The cannabis market is facing headwinds, as certain IPOs were met with difficult market conditions in 2019. The high-profile listings of Aurora, Canopy Growth and Tilray have all faced volatility in 2019, partly due to supply and distribution concerns. This was followed by class action litigation in the U.S. involving all three producers, as well as other major cannabis producers in Canada. Each producer is alleged to have overestimated demand for their products, and overstated their revenue projections in regulatory filings.
Another challenge faced by the sector is cautious investor sentiment. Most buyers of cannabis stock have been retail investors who, unlike institutional investors, are more likely to sell their stock in response to short-term market conditions.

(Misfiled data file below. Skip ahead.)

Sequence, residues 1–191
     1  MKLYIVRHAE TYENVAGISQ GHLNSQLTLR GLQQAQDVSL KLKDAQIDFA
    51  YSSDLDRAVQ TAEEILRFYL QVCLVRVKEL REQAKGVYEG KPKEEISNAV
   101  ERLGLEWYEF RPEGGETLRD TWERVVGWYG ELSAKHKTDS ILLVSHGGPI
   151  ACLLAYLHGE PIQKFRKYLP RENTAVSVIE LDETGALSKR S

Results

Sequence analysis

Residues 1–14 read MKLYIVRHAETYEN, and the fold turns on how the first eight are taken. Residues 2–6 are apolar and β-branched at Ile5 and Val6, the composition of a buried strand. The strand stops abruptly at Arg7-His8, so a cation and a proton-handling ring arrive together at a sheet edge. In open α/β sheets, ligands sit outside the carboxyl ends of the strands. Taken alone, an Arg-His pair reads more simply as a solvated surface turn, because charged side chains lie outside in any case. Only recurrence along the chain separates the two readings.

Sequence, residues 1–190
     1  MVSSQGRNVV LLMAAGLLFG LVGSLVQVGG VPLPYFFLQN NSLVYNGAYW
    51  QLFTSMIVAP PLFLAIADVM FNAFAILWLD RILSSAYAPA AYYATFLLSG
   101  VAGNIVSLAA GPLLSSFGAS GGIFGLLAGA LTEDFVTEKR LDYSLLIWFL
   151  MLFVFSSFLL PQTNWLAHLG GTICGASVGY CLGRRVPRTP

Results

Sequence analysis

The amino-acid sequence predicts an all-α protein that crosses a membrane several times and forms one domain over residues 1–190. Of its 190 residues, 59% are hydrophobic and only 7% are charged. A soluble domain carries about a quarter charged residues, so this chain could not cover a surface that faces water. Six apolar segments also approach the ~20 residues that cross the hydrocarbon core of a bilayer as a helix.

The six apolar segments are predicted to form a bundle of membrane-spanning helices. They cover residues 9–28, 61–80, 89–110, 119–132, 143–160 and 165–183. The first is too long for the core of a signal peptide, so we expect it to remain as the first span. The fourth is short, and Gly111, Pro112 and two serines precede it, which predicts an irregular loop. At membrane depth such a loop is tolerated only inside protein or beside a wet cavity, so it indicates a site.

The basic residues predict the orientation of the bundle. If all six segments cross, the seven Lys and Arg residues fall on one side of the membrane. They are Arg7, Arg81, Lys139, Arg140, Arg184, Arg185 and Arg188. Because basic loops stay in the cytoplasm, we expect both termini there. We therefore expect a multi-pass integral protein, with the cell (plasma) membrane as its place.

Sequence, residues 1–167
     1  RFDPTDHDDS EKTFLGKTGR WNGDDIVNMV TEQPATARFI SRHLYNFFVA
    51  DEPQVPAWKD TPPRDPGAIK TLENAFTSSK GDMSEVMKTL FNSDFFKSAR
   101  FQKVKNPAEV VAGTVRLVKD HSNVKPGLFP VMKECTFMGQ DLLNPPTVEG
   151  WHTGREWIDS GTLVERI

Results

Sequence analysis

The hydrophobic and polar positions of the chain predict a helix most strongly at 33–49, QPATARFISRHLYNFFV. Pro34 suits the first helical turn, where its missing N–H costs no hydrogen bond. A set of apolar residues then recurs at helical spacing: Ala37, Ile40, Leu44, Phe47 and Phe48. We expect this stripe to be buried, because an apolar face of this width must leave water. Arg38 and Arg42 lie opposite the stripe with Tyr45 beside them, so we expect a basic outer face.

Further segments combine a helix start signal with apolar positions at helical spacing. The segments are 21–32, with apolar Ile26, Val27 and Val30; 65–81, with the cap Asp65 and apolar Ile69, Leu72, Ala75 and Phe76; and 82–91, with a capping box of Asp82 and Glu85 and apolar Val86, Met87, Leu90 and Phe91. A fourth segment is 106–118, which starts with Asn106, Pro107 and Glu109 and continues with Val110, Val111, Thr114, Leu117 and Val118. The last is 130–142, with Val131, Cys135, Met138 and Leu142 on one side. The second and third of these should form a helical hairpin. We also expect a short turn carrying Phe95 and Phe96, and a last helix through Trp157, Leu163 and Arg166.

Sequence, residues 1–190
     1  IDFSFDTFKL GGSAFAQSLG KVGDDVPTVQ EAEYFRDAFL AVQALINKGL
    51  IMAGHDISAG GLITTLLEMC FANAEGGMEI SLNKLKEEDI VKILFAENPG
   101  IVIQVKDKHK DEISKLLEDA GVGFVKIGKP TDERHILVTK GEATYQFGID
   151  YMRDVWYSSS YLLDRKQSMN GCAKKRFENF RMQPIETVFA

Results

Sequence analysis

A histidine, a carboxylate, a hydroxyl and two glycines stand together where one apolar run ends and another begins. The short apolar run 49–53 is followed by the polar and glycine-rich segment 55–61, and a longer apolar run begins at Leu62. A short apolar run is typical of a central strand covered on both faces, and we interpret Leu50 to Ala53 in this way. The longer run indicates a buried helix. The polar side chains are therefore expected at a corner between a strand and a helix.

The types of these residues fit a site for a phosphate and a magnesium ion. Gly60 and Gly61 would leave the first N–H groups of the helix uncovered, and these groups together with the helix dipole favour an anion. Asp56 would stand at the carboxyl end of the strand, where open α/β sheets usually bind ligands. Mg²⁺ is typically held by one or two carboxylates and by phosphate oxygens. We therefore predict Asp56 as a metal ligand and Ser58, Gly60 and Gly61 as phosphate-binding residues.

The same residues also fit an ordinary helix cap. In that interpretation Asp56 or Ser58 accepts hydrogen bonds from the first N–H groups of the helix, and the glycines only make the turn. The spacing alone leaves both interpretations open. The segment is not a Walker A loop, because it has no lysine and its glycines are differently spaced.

The challenging IPO environment isn’t limited to cannabis companies. Although the regulatory environment in the cannabis sector is unique, broader market conditions might also be impacting IPO pricing across all sectors. There have recently been signs of concern across the market at the number of unprofitable companies seeking to IPO, and the valuations of those companies.
Managing the IPO process with minimal disruption
Before filing an IPO in Canada, a company must have a minimum of two years of audited or auditable financial statements under International Financial Reporting Standards (IFRS). Once this information is available, the IPO process typically lasts three to six months.
While this might seem like a short period of time, it is very resource intensive. Total documentation is at least 150 pages of technical financial and legal information, including annual and interim financial statements, management discussion and analysis, a plan for raising capital and a plan for how this capital will be spent. Because of the amount of financial information involved, this is often a CFO-led process, but it also draws upon other C-suite resources.